Faster Times to Alpha Centauri – Part I

If fusion, assisted by magnetic sails, gets us to Alpha Centauri in ~50 years, then how do we get there faster? Absent annihilation drives, powered by gamma-ray lasing matter-antimatter reactions or Hawking decaying force-fed mini-black holes, then we need to get the power-supply off the space vehicle and send fuel, momentum and energy to the vehicle as it accelerates. “Centauri Dreams” has covered a number of notable options just recently – the laser-powered ramjet, the laser-powered rocket and, of course, the Bussard ramjet itself.

Then there’s the various light, laser, microwave and momentum sails that have been proposed over time. Jim Benford, twin brother of SF-writer Greg Benford, and high-power microwave expert, has studied in some detail the economics of microwave propelled interstellar sails. The costs are extra-ordinary for all but the most primitive interstellar probes, but such figures are somewhat misleading. A basic assumption is that the energy generating and emitting systems will be installed in much the same way we do things at present – Jim factors in economies of scale, but not revolutions in technique.

Let’s have a look at the raw requirements. We’ll assume a 1,000 tonne payload, 1,000 tonne mag-sail and 400 tonnes of laser-sail. A 5,000 terawatt laser accelerates the sail to 0.5c in about 0.8 years – a total energy expenditure of 1.26E+23 joules. How much power is 5,000 terawatts? Earth receives 174,400 terawatts from the Sun, absorbing 122,200 terawatts of that. Balancing out the heat-flows in Earth’s atmosphere and oceans, equator-wards of the Tropics is a region that gains energy, while pole-wards of the Tropics are regions which lose net energy back into space. Energy flows northwards and southwards via the winds and oceans – the winds carrying about 5,000 terawatts in both directions. Thus our laser-sail needs about 50% of the Earth’s wind-power available.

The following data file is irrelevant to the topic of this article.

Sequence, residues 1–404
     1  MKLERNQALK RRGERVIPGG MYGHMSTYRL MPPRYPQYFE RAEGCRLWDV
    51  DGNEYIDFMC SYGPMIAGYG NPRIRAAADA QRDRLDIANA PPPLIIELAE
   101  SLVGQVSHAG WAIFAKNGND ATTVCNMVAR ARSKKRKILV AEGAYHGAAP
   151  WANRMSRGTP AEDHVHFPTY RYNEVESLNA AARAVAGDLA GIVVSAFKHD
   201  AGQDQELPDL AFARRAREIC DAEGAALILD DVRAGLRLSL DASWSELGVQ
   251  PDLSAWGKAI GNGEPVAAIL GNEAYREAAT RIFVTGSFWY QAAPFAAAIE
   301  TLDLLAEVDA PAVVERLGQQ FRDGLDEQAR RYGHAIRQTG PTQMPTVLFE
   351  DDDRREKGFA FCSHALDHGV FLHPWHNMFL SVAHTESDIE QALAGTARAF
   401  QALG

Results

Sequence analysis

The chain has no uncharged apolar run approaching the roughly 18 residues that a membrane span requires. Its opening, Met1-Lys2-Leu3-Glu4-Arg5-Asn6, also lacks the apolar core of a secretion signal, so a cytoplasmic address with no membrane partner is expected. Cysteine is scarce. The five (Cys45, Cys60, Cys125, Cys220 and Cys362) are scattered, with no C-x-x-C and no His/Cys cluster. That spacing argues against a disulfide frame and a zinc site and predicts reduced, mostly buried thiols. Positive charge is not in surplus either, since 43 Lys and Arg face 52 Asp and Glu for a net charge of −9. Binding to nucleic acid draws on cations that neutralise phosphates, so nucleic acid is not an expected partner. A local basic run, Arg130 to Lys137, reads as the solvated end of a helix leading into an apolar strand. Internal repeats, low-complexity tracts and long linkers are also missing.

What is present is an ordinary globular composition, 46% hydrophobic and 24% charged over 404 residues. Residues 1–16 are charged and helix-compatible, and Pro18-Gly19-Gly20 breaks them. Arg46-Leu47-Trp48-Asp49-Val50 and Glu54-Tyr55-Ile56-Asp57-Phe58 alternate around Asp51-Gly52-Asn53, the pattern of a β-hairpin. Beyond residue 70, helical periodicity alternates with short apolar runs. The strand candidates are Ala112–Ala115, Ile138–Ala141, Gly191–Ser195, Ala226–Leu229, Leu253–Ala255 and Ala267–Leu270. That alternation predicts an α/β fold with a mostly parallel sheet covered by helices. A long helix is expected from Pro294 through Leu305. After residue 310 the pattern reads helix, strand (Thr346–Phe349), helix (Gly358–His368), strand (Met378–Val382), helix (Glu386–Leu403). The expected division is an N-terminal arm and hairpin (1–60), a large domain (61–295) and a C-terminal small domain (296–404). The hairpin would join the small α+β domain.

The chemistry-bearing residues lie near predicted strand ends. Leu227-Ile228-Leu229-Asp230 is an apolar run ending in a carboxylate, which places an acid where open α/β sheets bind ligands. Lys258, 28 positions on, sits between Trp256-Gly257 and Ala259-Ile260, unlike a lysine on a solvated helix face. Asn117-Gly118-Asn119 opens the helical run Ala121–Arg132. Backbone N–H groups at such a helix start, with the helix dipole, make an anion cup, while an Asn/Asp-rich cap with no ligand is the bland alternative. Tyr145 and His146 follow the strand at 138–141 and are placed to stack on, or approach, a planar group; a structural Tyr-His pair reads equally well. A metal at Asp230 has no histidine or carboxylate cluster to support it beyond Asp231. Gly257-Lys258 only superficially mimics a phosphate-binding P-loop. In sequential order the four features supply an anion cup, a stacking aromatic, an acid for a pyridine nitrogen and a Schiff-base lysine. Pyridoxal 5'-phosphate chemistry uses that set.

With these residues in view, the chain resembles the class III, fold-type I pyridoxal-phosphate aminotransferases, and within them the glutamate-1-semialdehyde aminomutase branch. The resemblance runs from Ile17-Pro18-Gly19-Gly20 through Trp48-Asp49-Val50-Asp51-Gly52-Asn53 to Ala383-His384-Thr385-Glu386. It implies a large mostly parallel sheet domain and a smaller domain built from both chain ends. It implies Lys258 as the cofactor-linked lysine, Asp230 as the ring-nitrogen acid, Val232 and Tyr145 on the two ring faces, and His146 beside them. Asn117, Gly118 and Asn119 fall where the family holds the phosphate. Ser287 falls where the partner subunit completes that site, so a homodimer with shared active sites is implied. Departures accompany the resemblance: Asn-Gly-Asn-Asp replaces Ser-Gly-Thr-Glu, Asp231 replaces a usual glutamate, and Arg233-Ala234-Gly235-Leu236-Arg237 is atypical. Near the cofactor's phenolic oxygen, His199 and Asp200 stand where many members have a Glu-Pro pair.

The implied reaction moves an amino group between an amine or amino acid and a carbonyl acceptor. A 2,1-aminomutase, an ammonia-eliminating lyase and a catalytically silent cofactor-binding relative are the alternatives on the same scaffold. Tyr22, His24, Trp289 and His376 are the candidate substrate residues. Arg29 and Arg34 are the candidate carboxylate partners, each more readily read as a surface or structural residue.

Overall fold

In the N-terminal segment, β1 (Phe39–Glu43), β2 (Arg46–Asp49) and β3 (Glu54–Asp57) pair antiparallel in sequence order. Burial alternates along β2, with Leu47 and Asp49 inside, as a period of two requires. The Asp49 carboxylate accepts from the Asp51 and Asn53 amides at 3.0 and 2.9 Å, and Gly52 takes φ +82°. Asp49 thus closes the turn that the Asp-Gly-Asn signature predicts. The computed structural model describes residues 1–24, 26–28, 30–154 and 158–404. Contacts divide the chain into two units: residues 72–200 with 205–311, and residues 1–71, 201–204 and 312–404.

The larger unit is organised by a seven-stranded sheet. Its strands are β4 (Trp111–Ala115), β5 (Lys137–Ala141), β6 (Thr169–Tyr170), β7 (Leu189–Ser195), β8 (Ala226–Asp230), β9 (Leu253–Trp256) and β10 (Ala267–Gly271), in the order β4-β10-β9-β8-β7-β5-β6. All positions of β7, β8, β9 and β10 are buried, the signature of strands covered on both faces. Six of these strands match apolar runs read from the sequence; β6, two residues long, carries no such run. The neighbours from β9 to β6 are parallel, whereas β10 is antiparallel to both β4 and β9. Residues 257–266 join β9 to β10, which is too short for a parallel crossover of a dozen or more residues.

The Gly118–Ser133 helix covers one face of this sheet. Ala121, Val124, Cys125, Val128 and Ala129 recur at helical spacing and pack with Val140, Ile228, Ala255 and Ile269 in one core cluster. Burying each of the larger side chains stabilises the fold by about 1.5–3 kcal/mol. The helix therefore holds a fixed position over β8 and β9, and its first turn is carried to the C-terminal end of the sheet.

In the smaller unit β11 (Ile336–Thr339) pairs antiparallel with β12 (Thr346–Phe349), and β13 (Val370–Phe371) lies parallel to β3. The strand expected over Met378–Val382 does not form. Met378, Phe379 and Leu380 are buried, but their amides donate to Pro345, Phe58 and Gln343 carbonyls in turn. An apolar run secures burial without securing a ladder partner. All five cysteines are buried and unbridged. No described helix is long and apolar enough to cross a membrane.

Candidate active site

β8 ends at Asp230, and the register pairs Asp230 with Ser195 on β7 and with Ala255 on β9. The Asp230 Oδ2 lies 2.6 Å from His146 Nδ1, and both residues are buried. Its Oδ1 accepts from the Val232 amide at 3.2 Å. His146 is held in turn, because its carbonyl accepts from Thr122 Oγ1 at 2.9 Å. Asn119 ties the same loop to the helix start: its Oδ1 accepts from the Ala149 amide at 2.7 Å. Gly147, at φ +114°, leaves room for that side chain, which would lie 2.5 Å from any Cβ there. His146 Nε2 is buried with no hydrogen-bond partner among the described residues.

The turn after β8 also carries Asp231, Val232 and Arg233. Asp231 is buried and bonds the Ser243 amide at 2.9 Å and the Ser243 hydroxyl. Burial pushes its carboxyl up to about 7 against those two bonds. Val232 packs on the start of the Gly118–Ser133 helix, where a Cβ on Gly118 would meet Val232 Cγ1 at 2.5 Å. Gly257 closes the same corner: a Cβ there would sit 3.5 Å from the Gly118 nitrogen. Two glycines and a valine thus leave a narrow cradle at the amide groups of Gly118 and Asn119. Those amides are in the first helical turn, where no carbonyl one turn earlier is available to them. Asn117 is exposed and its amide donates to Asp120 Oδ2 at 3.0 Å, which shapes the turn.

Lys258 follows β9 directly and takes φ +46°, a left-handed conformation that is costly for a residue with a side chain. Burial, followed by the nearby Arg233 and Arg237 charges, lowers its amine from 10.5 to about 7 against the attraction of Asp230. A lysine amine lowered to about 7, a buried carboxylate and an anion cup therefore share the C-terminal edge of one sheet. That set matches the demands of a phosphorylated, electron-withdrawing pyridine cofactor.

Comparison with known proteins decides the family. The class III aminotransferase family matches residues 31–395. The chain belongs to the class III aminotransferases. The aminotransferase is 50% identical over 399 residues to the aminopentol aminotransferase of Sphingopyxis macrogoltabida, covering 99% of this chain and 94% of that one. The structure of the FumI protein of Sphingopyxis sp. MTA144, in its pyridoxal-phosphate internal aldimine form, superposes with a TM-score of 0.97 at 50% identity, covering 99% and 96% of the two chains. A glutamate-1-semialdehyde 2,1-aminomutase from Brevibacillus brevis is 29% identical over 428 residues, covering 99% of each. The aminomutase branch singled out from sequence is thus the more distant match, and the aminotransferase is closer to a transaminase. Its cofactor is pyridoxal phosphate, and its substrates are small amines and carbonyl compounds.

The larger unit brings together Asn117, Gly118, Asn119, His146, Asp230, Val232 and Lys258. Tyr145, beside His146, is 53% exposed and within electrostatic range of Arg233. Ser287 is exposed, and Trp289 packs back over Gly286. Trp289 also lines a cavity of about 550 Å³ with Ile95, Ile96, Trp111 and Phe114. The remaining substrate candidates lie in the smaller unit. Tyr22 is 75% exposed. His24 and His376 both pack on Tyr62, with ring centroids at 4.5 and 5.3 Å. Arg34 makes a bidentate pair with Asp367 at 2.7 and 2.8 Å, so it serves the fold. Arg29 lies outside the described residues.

We can’t power a starship with Earth-based energies, unless we mine heroic amounts of deuterium or boron from the oceans and land. We must turn to what’s available in space – the most abundant source being the Sun. In radiant energy alone, the Sun puts out ~384.7 tera-terawatts (384.7 yottawatts), but also sends forth immense amounts of energy in the Solar Wind. Tapping either is a non-trivial task. In the late 1970s NASA and the US DoE studied Solar Power Satellites (SPS) – one estimate was that a 5 gigawatt SPS would mass ~50,000 tonnes. Thus 5,000 terawatts would require 1 million SPS with a total mass of ~50 billion tonnes. Of course techniques have improved considerably since the 1970s – some ultra-light SPS designs approach ~1,000 tonnes per gigawatt. To go much lighter we need to move them closer to the Sun – if we can operate them at 1,000 K then we can park them just 0.1 AU from the Sun. There our “1 gigawatt” SPS can generate 100 gigawatts. Thus ~5 million tonnes of near-Solar SPS will power the lasers for our starships.

How fast can we get there with 5,000 terawatts of laser-power pushing us? I’ll have some answers in Part II.

2 Replies to “Faster Times to Alpha Centauri – Part I”

  1. I’m a graduate student at the University of Alabama in Huntsville, and I’m researching fusion propulsion for spacecraft. I’ve recently launched a campaign on Indiegogo to raise funding for this research, which you can see here:

    I was wondering if you could help spread the word on this, and possibly consider being a sponsor.

    There are many talented graduate students here at UAH that are being denied the opportunity to get involved with this research because of insufficient funding. So please spread this around, and possibly consider making a donation. Thank you.

Comments are closed.